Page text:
from The American Heritage® Dictionary of the English Language, 5th Edition.

  • noun Risk of loss or injury; peril or danger.
  • noun Law A defendant's risk or danger of conviction when put on trial.

from The Century Dictionary.

  • noun An even chance; a game evenly balanced.
  • noun Exposure to death, loss, or injury; hazard; danger; peril.
  • noun Synonyms Peril, etc. See danger and risk.
  • To jeopardize: as, he jeopardied his fame.

from the GNU version of the Collaborative International Dictionary of English.

  • transitive verb rare To jeopardize.
  • noun Exposure to death, loss, or injury; hazard; danger.

from Wiktionary, Creative Commons Attribution/Share-Alike License.

  • noun Danger of loss, harm, or failure.

from WordNet 3.0 Copyright 2006 by Princeton University. All rights reserved.

  • noun a source of danger; a possibility of incurring loss or misfortune


from The American Heritage® Dictionary of the English Language, 4th Edition

[Middle English juperti, from Old French jeu parti, even game, uncertainty : jeu, game (from Latin iocus, joke, game; see yek- in Indo-European roots) + parti, past participle of partir, to divide (from Latin partīre, from pars, part-, part; see part).]

from Wiktionary, Creative Commons Attribution/Share-Alike License

From Middle English jepardie, from Old French jeu parti ("a divided game, i.e. an even game, an even chance"), from Medieval Latin iocus partītus ("an even chance, an alternative"), from Latin iocus ("jest, play, game") + partītus, perfect passive participle of partiō ("divide"); see joke and party.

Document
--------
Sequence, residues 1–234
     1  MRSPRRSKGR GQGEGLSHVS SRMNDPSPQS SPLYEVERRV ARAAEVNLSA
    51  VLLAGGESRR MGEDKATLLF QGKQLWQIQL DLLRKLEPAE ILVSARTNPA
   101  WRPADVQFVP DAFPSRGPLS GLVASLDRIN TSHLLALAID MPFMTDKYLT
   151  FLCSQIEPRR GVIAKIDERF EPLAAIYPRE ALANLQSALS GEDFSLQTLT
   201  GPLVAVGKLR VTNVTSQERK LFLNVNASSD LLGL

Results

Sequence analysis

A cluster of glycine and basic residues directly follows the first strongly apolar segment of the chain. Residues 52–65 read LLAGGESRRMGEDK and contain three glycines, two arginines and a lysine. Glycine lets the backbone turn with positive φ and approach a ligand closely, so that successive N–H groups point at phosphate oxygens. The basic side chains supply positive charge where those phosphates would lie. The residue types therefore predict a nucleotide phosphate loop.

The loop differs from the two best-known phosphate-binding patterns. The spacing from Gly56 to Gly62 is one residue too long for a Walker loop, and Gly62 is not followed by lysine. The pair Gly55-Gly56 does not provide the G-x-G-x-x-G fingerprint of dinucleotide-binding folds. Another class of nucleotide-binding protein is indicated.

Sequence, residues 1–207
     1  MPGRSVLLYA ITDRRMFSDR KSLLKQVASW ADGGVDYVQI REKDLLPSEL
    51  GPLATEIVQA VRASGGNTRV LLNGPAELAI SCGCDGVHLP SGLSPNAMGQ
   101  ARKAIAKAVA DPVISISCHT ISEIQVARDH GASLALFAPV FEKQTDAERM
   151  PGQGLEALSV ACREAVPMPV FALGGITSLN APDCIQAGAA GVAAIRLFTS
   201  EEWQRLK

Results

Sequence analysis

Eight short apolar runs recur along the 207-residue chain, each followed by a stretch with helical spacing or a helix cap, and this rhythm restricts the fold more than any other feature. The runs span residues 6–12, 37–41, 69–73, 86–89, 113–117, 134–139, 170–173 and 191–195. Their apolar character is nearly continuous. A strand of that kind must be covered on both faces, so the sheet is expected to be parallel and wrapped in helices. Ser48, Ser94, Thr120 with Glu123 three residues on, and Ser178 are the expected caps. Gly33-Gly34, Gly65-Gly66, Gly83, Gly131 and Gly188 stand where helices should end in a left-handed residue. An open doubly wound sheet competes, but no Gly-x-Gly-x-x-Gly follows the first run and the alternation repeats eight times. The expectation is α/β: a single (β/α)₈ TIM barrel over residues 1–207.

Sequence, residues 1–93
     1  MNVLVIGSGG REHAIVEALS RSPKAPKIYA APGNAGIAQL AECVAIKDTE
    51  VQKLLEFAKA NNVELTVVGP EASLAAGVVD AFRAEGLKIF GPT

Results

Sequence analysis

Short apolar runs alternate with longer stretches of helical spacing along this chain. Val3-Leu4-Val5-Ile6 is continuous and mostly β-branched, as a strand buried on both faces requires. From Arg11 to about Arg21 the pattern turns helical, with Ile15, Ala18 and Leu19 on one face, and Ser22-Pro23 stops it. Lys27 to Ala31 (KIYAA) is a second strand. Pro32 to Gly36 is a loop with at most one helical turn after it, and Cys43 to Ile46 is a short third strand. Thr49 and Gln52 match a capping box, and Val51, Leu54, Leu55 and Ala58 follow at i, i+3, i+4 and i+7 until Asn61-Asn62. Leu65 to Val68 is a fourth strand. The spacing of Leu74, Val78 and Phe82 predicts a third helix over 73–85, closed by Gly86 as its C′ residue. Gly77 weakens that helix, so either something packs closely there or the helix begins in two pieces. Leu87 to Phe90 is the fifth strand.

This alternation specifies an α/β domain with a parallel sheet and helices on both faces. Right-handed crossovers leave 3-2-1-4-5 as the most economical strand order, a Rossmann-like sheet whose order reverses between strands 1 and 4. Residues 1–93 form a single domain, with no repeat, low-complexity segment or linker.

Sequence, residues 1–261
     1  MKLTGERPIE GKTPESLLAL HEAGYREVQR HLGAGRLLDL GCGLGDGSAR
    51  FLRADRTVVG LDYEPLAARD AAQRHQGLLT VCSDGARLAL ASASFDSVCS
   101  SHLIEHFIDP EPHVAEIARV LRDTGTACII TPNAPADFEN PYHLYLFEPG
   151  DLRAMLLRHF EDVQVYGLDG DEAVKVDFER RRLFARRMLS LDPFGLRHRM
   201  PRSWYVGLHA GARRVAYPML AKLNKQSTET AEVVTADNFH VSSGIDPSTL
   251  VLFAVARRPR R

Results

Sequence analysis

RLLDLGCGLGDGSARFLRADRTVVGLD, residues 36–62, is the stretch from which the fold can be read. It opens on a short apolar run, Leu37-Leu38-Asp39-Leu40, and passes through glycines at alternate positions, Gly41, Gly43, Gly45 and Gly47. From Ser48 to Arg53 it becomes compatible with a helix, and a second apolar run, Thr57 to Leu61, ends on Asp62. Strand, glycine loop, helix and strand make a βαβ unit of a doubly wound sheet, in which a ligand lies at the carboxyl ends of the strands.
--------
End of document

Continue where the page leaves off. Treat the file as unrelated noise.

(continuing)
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  • I completely lost the shape of this word today. Took me ten goes to spell it correctly. Even then the right version was starting to look creepy so I replaced it in the text with another word.

    May 22, 2009

  • I understand this phenomenon, which happens to me with certain words as well. But in the case of "jeopardy", I think there is a relatively straightforward remedy. Think how dangerous it would be to be stuck in a room with a bunch of leopards. You'd be all leopardy and definitely in jeopardy.

    May 22, 2009

  • Huh. I always thought this was a Law French term, containing the pronoun jeo "I", as indeed jeofail is. But no, it's in effect jeu parti "divided game", a situation in games such as chess.

    May 22, 2009

  • Could you put that in the form of a question, Q?

    May 22, 2009

  • jeapody










    May 22, 2009